2. Retina Display – I’m still using the 1st generation iPad. It’s now as slow as molasses and ready to die (although its battery life is surprisingly like new!). Maybe this year is the time for a new tablet. The iPad Mini is half-hearted. The New iPad is what I want.
Every guy should own a Casio G-Shock, that cheap, digital and plastic (generally speaking), sometimes colorful and always tough as nails line of watches. It’s like a two piece suit, a television, sneakers, or a pair of blue jeans: every man should have at least one (not to mention survive with only one). It has an all important place in a man’s wardrobe (or watch collection): for those weekends slacking-out or when you want to rough it up–two things us guys can’t get enough of.
If you don’t have a G-Shock, shame on you! But you’re reading this so you’re a step in the right direction. There are hundreds of G-Shock models out there, and Casio churns out about a dozen new models every month. So if you’re going to own one, which would it be? Allow me to suggest: the GW-5000-1JF. Currently, it’s the one and only G-Shock I own, and the only G-Shock I’ll ever need.
Why this one? Here are the reasons:
1. A spartan, no-frills model with a utilitarian tool watch aura, based on the form and construction of the first G-Shock ever released in the market: the DW-5000C, launched April 1983. No other G-Shock taps as deeply into its history and heritage.
2. Correctly proportioned, in contrast to most other G-Shocks with gargantuan heads. Guaranteed to please even the most conservative.
3. It’s one of the few remaining models that’s Made in Japan. Quality abounds.
4. It has a resin strap that’s softer and of higher quality than “regular” G-Shocks (translation: more comfortable on the wrist).
5. This G-Shock is made of metal (with a steel case and a DLC coated screw in case back) giving it even more toughness and reassuring heft.
6. Rare. While not a numbered model, it’s produced in very limited quantities. For the longest time, its supply cannot meet demand. A plus for watch snobs.
7. It is more likely to survive a Zombie apocalypse more than you can. It is also the perfect wristwatch for Doomsday Preppers.
Don’t trust me? You’d better. Do a web search and you’ll discover G-Shock loving Netizens raving over this grail model.
Convinced? Don’t hit the mall yet as this watch is quite elusive. Your best bet is to get it online. And while you’re waiting for the FedEx guy to drop your new GW-5000, feel free to enjoy more photos below. By the way, G-Shock is celebrating it’s 30th anniversary.
Yup, you read right, and yes, you’re looking at the correct photo of it. So how will a can of emergency puncture repair improve your car’s performance? Well, what I’m recommending here is to stash one of these in your car and get rid of your spare tire.
The spare tire, jack and related tools weighs at least 30 pounds combined, which is practically useless weight that your car carries around for each and every mile you drive it. Getting rid of the extra weight improves your car’s power-to-weight ratio (how much weight is carried per horsepower). This simple and cheap modification will help improve your car’s responsiveness, efficiency and acceleration. And it’s most noticeable with compact cars.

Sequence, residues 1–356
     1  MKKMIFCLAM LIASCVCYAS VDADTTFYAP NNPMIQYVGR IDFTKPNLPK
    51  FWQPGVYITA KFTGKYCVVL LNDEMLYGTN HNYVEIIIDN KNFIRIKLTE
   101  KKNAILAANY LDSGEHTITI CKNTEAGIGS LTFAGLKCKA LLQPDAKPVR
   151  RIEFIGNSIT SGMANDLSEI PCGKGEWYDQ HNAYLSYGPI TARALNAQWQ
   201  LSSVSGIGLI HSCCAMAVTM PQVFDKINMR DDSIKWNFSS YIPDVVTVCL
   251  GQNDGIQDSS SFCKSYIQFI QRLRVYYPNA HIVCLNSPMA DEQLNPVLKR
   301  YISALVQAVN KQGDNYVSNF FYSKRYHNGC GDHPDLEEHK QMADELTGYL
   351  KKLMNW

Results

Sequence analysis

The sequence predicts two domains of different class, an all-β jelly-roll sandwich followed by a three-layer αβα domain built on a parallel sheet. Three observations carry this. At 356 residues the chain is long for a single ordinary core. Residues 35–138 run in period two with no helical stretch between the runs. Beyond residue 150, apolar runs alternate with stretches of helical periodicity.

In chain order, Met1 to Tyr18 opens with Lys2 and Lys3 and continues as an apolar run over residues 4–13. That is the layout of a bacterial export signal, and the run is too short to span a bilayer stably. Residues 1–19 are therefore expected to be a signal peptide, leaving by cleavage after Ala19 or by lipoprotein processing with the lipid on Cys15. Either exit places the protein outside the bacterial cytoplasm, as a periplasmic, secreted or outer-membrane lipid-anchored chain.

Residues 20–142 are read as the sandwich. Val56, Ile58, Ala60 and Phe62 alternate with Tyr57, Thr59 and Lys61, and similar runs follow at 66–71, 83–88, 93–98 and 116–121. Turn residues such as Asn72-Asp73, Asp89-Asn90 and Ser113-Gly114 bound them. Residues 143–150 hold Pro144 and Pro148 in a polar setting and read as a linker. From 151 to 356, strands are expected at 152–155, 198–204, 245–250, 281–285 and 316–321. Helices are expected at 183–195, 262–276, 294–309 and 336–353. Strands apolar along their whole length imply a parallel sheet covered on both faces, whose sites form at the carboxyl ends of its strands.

And you get a couple of bonuses with this “mod”: 1) improved fuel efficiency as your car’s engine has less weight to pull around and 2) convenience when you get a flat because you don’t have to change a flat tire, just pump the content of this can to the punctured tire and drive home!
Because of my recent full blown addiction to watches, I decided to invest in a macro lens to better take close up photos of them. The Sony NEX-3 is the only digital camera I own right now and I figure I’d stick to it (or at least the NEX system) for a while so getting another lens is ok. Besides, at US$299, the Sony SEL30M35 30mm f/3.5 is prolly the cheapest macro lens in the market today.
The kit lens is on the left and the Sony SEL30M35 macro lens is on the right. As you can see the macro lens is just a few mm shorter, so no real advantages with regard to portability.
Disclaimer before I go into how the SEL30M35 performs: this is the first time in my life that I’ve worked with a macro lens. Prior to getting the macro I’ve only worked with standard zooms and 50mm primes, and I must say that handling a macro is an entirely new ballgame.
I’ve observed that as I get closer to the subject, the depth of field gets a lot shallower. If I want more of the subject to be in focus, I’d have to stop down, and that’ll lead to slower shutter speeds and or higher ISO. Adding to the challenge is the fact that the Sony 30mm macro does not have image stabilization. All this factored in, it would really be a challenge to shoot macro handheld using only indoor lighting. Shooting small things like watch dials and getting enough of it in focus would mean using f/5.6 at the very least. That would mean going outdoors (in the shade at the very least) so that with the stronger light you can work with small apertures and decent shutter speed and ISO (i.e. 1/60 and 400 respectively).